Finally, [animal] voices, this rebuke, are defiantly not the voices of creatures mourning with humans. Ezekiel 38:19-20, although an influence on the Fifteen Signs tradition, differs from the tradition's eschatology in one key respect: by prophesying “in that day there shall be a great commotion upon the land of Israel: so that the fishes of the sea, and the birds of the air, and the beasts of the field, and every creeping thing that creepeth upon the ground, and all men that are upon the face of the earth, shall be moved at my presence,” the passage describes a commotion God directs at all life, human and animal alike. By contrast, in the Fifteen Signs tradition, as in the main lines of the Christian eschatological tradition, humans ultimately face judgment, while animals face death, their own death and the death of the world. The animals mourn along with the stars, the sea, the rocks, all that will be destroyed, all that will not be translated into an eternity freed of the material limitations of worldly existence. In the example in the Mystère d'Adam, “E de toz les fluves parleront / E voiz d'ome parler averont” (1150; and all the rivers will speak and they will have the voices of men to speak), and in another, “Every watyr shall crye þan, / Speke and have steven of man” (182). In its systematic attention to what makes up the world, in its counting off of days and recording of the world—to its stones, rivers, waters, trees, birds, beasts, and fish, each of which cries out and trembles in the last days—the Fifteen Signs tradition recalls the world in all its plenitude at the very moment humans hope finally to realize secure identities by abandoning it, by sealing themselves off from their involvement in it, or, to put this in our language, by uploading themselves. Against this hope, the tradition witnesses that what matters in the world is not only human, and that humans should understand that for life to be life, it must be intermeshed inseparably and precariously in the world. Understood this way, the voices of the Fifteen Signs tradition impart not scorn, but regret and longing for the rich worldly life that humans, believing themselves separate and immutable, will abandon for the empyrean sterility of the resurrection fantasy.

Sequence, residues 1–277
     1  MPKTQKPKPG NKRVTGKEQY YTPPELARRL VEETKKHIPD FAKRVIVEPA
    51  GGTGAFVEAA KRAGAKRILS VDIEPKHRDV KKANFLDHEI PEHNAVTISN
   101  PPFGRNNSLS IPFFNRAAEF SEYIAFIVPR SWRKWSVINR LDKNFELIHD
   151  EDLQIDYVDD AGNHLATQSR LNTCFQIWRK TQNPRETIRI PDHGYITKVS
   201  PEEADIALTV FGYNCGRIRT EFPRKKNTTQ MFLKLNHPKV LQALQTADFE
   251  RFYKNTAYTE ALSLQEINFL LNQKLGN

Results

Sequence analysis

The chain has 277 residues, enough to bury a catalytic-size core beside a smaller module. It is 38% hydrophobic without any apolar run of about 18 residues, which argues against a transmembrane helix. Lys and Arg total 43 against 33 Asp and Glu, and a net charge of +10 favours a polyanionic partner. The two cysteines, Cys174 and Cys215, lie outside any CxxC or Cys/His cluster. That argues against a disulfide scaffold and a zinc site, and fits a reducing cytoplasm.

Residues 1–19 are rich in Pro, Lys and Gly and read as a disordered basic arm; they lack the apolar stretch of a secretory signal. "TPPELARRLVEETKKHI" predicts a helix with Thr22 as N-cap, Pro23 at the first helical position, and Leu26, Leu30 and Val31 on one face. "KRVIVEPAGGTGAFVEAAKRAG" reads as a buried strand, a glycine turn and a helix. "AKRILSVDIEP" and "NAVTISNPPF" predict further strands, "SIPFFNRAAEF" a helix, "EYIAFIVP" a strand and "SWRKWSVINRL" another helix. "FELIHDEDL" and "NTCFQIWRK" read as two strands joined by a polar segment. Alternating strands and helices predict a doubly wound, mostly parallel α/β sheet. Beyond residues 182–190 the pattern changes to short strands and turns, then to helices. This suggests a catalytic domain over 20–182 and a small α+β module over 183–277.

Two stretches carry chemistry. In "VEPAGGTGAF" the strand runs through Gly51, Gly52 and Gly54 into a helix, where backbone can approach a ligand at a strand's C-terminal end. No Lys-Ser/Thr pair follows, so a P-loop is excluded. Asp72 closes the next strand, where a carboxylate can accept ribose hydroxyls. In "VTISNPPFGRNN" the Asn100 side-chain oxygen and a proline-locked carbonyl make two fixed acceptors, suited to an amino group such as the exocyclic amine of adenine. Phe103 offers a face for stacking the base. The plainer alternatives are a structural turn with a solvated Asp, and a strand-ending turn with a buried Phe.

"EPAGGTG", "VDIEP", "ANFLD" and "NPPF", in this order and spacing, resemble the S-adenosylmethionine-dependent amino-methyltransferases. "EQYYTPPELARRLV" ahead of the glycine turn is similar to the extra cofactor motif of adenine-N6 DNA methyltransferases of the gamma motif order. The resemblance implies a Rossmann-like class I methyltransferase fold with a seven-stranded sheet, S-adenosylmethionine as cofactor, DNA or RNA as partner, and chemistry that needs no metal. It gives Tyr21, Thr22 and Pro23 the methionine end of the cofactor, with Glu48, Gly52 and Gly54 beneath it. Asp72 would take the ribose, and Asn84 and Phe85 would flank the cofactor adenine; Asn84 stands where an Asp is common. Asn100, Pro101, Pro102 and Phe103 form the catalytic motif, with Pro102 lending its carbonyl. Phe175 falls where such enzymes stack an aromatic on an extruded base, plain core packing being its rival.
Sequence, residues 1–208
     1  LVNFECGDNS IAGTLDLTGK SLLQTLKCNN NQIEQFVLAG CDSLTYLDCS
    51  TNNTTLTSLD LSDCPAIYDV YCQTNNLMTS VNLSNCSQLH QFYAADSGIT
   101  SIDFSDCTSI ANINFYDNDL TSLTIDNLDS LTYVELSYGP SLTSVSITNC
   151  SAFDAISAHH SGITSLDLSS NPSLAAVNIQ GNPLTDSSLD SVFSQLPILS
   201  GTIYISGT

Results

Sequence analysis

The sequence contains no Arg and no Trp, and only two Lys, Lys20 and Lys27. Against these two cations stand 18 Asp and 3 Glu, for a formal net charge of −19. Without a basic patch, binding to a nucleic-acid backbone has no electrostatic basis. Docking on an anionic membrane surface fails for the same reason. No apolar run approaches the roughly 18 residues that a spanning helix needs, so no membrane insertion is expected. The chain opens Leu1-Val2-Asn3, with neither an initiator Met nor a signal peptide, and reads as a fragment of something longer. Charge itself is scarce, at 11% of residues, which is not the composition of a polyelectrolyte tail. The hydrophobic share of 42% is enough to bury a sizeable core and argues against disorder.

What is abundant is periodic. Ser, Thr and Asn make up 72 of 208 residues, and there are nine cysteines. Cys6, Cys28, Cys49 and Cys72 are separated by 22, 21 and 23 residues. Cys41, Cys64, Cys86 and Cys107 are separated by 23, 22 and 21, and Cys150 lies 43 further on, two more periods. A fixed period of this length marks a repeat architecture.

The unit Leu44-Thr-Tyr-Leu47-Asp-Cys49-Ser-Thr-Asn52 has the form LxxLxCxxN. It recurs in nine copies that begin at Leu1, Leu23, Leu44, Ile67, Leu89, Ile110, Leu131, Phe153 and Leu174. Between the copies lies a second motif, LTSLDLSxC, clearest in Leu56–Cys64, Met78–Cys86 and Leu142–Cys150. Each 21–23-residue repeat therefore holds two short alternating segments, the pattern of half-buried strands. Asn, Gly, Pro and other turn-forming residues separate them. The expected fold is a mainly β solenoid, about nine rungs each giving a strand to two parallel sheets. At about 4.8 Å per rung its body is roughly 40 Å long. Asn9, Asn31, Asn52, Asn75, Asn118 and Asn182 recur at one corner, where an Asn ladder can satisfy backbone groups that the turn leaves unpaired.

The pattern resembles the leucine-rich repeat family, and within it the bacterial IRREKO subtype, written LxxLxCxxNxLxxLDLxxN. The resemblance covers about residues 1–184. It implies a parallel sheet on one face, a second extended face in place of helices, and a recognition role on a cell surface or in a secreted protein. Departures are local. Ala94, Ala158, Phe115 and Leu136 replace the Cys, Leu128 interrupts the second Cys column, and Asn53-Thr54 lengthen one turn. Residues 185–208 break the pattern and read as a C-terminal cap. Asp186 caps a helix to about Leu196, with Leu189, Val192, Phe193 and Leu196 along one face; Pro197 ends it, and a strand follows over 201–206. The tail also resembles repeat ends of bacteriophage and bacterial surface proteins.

In the next world, should I remember